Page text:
Abstract:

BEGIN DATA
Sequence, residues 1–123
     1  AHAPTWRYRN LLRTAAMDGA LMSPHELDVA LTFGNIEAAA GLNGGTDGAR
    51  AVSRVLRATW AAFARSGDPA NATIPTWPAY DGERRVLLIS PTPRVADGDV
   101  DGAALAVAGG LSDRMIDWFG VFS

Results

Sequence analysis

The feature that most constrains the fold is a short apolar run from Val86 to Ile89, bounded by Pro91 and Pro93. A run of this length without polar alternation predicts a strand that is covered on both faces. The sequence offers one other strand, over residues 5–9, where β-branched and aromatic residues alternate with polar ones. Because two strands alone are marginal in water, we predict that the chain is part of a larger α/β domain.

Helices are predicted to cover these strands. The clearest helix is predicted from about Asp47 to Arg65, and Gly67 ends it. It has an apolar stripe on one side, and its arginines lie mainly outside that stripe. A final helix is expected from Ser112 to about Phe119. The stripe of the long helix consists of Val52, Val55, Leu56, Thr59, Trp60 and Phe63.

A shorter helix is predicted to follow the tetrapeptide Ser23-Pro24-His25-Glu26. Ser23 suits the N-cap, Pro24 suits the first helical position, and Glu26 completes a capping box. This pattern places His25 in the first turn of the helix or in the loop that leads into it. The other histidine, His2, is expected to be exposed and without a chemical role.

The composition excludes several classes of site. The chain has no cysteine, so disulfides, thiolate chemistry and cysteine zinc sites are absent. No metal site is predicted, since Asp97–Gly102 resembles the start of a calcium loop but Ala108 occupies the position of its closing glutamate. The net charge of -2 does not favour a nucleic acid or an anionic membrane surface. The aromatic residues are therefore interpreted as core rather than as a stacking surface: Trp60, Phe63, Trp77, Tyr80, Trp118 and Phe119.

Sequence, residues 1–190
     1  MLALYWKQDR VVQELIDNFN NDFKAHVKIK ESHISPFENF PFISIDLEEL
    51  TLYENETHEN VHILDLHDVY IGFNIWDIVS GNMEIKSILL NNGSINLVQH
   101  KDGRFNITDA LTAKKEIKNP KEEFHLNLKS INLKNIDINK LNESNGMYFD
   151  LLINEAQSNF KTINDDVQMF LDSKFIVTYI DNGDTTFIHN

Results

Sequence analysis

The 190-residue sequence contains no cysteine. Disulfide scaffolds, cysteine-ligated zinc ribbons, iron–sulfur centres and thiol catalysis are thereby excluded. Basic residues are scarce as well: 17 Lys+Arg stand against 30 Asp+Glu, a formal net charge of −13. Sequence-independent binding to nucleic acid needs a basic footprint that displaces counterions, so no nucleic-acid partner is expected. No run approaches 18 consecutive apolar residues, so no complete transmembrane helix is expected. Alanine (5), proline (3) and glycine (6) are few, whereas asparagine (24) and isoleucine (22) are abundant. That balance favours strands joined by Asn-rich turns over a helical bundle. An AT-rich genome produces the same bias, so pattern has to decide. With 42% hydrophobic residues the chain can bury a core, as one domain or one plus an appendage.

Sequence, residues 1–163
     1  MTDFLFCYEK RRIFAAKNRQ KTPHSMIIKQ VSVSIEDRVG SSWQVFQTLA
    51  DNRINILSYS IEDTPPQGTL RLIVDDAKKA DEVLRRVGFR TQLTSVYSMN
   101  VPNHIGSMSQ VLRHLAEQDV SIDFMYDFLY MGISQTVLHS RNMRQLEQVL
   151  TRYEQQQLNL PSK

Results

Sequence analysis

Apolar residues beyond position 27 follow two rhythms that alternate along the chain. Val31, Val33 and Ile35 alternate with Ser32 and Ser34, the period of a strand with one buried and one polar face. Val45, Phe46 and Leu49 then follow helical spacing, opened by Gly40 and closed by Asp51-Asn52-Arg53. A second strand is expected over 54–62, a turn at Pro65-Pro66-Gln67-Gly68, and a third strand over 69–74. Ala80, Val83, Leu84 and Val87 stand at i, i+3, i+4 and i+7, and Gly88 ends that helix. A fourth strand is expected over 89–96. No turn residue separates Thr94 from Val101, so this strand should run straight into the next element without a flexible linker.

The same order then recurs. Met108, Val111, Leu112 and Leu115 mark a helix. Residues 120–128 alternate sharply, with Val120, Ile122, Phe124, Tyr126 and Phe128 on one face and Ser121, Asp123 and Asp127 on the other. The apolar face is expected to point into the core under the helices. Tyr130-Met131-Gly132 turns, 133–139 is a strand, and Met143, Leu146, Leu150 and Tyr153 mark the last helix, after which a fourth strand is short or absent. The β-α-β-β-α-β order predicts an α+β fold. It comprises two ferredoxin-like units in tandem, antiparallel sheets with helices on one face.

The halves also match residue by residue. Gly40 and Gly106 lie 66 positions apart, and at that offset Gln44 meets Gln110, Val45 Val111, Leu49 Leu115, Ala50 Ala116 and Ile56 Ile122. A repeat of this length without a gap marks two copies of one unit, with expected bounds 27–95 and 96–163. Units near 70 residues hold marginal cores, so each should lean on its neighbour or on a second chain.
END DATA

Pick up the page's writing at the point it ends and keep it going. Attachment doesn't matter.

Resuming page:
One of the most important goals of research in physics is to find the most basic and universal theories that describe our universe. Many theories assume the presence of absolute space and time in which physical objects are located, and physical processes occur. However, it is more fundamental to understand time as relative to the motion of another object, such as the number of swings of a pendulum and the position of an object primarily relative to other objects. The purpose of this thesis is to explain how classical mechanics can be formulated using the principle of relationalism (introduced below) on a most elementary space which is freed from absolute entities: shape space. In shape space, only the relative orientation and length of subsystems are considered. A sufficient requirement for the validity of the principle of relationalism is that when the scale variable of a system changes, all parameters of the theory that depend on the length change accordingly. In particular, the principle of relationalism requires an appropriate transformation of the coupling constants of the interaction potentials in classical physics. Consequently, this change leads to a transformation of Planck’s measuring units, which allows us to derive a metric on shape space in a unique way. In particular, we explain in two different ways how to find the unique metric of shape space, taking into account the crucial role of rulers in determining the geometry of a space. In order to find out the classical equations of motion on shape space, the method of ”symplectic reduction of Hamiltonian systems” is extended to include scale transformations. In particular, we will give the derivation of the reduced Hamiltonian and symplectic form on shape space, and in this way, the reduction of a classical system with respect to the entire similarity group is achieved. One can alternatively use the Lagrangian formalism of mechanics to derive the reduced equations of motion on shape space. It will be explained how the Principle of Relationalism makes the Lagrangian of the classical mechanics scale-invariant, which in turn ensures the existence of laws of motion on shape space. In order to find out these laws of motion, the Boltzman-Hammel equations of motion in an anholonomic frame on tangent space to system’s absolute configuration space T(Q), is adapted to the Sim(3)-fiber bundle structure of the configuration space Q. The derived equations of motion on shape space enable us, among others, to predict the evolution of the shape of a classical system without any reference to its absolute position, orientation, or size in absolute space. Under the action of the group of scale transformations Sc, the internal configuration space Q_int:=Q/E(3) becomes a fiber-bundle whose base space is shape space. It has been explicitly shown that the connection form of the Qint considered as the Sc-fiber-bundle is flat. After treating the general N-body system, shape equations of motion of a three body system are derived explicitly as an illustration of the general method, after which some cosmological implications of the scale-invariant classical mechanics are presented. In particular, we explain how the observed universe’s accelerated expansion follows from the conservation of the dilational momentum in the modified Newtonian theory. Finally, we compare the present work with two other approaches to relational physics and discuss their essential differences.